Epigenetic markers on DNA determine the pace and timing of protein production, and are thus one of the important influences on cell and tissue function. Cells adjust their epigenetic programs in response to the surrounding environment, but alterations can be lasting. It is thought that environmental influences on epigenetic programming of cellular behavior that occur in childhood set the stage for faster or slower onset of metabolic dysfunction in later life, once cell and tissue damage starts to accumulate. Researchers here provide a proof of principle of this process in rats.
Environmental exposures during early life exert a profound influence on developing organs, which can affect health across the life-course, and even transgenerationally. The adverse health impact of these exposures is thought to be mediated by reprogramming of normal physiologic responses, and forms the basis of the developmental origins of health and disease (DOHaD) paradigm. Fetal over- or under-nutrition has been linked to metabolic dysfunction in adulthood and increased risk for metabolic diseases including obesity, diabetes, and metabolic syndrome. Besides nutritional stressors, early-life exposures to environmental chemicals, including endocrine-disrupting chemicals (EDCs), can influence health and disease susceptibility across the life-course.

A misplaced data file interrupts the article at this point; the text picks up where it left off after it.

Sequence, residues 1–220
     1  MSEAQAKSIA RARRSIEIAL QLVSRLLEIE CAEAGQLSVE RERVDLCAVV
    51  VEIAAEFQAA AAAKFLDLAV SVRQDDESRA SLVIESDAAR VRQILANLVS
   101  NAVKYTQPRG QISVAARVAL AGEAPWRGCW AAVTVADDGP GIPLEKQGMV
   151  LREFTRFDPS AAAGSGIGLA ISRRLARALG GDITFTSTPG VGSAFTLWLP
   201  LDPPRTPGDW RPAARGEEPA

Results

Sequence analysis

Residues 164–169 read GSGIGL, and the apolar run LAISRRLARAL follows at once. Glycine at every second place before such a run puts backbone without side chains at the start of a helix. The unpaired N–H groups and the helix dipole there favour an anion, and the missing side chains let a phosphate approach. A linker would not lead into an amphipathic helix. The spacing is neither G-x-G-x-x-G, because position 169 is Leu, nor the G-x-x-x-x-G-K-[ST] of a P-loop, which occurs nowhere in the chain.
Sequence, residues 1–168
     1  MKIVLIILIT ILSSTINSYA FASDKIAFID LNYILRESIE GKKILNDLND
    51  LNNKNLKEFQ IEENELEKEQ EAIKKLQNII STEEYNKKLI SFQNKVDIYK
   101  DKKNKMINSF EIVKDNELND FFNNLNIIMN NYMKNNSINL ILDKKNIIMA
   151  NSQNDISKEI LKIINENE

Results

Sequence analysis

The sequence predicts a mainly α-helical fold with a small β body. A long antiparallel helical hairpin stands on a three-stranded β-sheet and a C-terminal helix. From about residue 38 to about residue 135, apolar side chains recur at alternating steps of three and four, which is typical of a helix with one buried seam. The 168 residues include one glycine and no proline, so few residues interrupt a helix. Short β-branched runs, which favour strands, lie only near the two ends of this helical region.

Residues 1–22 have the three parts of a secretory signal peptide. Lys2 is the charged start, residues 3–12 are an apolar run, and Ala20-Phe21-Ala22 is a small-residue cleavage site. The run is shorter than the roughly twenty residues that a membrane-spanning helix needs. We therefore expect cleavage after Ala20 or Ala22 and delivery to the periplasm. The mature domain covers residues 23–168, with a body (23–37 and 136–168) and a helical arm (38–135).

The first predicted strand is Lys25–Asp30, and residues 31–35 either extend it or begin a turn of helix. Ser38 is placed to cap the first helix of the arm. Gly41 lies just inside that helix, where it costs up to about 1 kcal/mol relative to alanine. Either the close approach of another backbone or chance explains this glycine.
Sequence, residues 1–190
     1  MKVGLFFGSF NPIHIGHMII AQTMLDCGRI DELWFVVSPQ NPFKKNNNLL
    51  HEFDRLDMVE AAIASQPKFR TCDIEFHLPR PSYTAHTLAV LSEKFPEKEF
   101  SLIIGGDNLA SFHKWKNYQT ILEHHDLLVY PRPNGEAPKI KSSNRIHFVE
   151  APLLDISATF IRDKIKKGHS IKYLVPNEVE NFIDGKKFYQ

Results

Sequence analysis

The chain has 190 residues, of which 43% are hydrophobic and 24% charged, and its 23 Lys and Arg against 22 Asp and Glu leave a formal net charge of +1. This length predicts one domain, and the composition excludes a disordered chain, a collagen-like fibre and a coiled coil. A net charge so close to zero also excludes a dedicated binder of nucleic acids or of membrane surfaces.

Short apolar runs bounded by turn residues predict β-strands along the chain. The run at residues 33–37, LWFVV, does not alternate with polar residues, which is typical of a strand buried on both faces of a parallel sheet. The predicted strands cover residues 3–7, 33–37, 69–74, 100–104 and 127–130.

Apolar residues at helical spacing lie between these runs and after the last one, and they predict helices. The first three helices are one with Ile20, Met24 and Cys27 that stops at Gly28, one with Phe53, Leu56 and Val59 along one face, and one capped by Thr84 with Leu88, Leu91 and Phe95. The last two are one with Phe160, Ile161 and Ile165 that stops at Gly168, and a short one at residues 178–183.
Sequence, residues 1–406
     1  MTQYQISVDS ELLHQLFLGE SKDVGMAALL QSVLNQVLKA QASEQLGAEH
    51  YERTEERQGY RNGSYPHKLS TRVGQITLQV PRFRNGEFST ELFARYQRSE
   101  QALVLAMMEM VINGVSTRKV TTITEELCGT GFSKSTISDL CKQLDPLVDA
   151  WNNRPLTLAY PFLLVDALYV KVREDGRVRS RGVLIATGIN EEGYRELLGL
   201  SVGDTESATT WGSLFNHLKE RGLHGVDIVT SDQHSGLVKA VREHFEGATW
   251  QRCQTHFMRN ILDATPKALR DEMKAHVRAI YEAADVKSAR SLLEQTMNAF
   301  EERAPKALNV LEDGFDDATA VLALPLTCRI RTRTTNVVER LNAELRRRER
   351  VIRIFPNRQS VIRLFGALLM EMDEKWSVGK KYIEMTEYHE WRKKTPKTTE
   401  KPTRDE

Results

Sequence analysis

EDCs are defined as exogenous chemicals, or mixture of chemicals, that interfere with hormone action and many have been shown to impact metabolic function, and increase disease risk in metabolic organs such as the liver. Recently, the epigenetic machinery has emerged as a target for EDCs and other environmental exposures. When this machinery is perturbed early in life, the resulting epigenetic alterations can persist long after the initial environmental insult (often referred to as developmental reprogramming). Accordingly, research on the causes of the epidemic rise in metabolic diseases has expanded beyond genetics, over-nutrition, and energy expenditure to include the role of early-life EDC exposures. However, little is known about what determines vulnerability to early-life exposures, or specific targets and pathways linking developmental reprogramming by early-life exposures to later-life metabolic dysfunction.
Using a rat model for exposure to an endocrine disrupting chemical (EDC), we show that early-life chemical exposure causes metabolic dysfunction in adulthood and reprograms histone marks in the developing liver to accelerate acquisition of an adult epigenomic signature. This epigenomic reprogramming persists long after the initial exposure, but many reprogrammed genes remain transcriptionally silent with their impact on metabolism not revealed until a later life exposure to a Western-style diet. Diet-dependent metabolic disruption was largely driven by reprogramming of the Early Growth Response 1 (EGR1) transcriptome and production of metabolites in pathways linked to cholesterol, lipid, and one-carbon metabolism.